“You’re going to get your arse thumped, Father Christmas,” the Brit said, grabbing a crowbar. He could see they carried but weren’t interested in shooting—not some drunk Santa that had wandered into the wrong place at the wrong time. They might have whacked him after, but right now they just wanted to have a little fun. Young guys always got off on power over the weak, usually cause their pops made them feel so helpless.

          Abandoned by Bobby, he considered reaching, but he knew he didn’t have a shot. It’s not like he was an expert marksman. In his business, the moment you pulled your piece was the moment you failed. He considered just running for it when a bullet hit the side of the truck. He nearly dove to the ground. Two more shots fired, and the kids ducked. That’s all he needed. Vinny fired at the concrete floor, and a bullet ricocheted and hit one of the punks in his arm.

          “Fucking wanker!” One of them reached but dropped a ridiculously heavy .45. The other two inexperienced little shits just ran, and the third soon followed while clutching his arm, racing out towards the river. Bobby jogged into the garage, huffing and puffing after a short sprint, and Vinny grabbed the keys out of the velvet pants.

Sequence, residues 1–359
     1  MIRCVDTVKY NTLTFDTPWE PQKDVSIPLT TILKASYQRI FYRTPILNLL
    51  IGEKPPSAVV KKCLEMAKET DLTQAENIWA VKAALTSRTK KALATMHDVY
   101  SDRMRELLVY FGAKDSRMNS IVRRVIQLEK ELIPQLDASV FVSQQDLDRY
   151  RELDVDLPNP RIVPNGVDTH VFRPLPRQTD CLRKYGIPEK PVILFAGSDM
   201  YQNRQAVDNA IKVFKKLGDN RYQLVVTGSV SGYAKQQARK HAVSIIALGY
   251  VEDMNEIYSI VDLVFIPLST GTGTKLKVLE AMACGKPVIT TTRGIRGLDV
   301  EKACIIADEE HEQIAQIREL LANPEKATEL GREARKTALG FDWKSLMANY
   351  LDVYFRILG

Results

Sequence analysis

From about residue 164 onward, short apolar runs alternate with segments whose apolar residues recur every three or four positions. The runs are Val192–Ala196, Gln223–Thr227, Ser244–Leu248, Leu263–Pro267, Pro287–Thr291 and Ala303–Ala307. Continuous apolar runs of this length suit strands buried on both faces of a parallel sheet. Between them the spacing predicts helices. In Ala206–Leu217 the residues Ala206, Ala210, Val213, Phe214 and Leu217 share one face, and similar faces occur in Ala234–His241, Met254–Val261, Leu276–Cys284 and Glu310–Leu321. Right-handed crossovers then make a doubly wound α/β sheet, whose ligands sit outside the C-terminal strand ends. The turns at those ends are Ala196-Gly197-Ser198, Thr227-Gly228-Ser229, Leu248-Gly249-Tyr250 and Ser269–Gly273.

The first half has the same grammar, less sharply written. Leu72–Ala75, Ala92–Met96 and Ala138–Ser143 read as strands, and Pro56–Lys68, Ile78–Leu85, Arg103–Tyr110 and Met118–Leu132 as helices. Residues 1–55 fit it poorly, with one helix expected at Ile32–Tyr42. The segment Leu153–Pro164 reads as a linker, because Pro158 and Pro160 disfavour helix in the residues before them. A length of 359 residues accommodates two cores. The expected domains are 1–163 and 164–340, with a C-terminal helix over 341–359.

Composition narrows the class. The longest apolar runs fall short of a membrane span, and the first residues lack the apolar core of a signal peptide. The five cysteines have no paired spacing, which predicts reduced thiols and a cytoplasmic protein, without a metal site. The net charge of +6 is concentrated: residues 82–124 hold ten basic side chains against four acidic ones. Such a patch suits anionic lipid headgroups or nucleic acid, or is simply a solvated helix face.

“First time I ever fired a gun,” Bobby said, running around to the passenger side.

          “No shit, Rudolph!”

          Vinny backed the U-Haul out, spun around the building to drop Bobby off at his car.

          “Yo, Bobby,” he said.

          “Yeah Santa?”

          “You could have left me back there. Why did you stick your neck out? They would have whacked me out.”

          “I thought about it,” Bobby said, wiping the snow off his windshield. “But now you owe me for once. And you’ve taught me the value of always having a taste, Santa. Never hurts.”

          “Not Santa,” Vinny said, putting the truck into drive. “Babbo Natale.”




          On the way home, Vinny thought about what Bobby had said and stopped off at a warehouse in on the edge of the city before heading over to the community center. He drove the U-Haul around back where two excited volunteers helped him unload.

          “Shit,” the Widow Foley said, wearing a tight green dress. Vinny made a mental note to ask her out after for one of those eggnog martinis after they gave away this shit to the kids. “We were beginning to think you weren’t coming because of the weather.”

          “I wouldn’t do that to the kids,” Vinny said. “I’ve got a heart, you know.” He unlocked the U-Haul and pushed up the hatch. “Forty-five thousand dollars and thirty-six cents worth of video game shit. All for the urchins.”                                            

             “Bless your heart, Babbo Natale.”

T. Fox Dunham lives in Lancaster, Pennsylvania with his wife, Allison. He’s a cancer survivor, modern bard, herbalist, baker and historian. His first book, The Street Martyr, is under production by Throughline Films, and he’s also contributed to official Stargate canon with a story published in the Stargate Anthology Points of Origin from Fandemonium Books. Mercy, a horror novel about his battle with cancer, is available from Blood Bound Books. More information at & Twitter: @TFoxDunham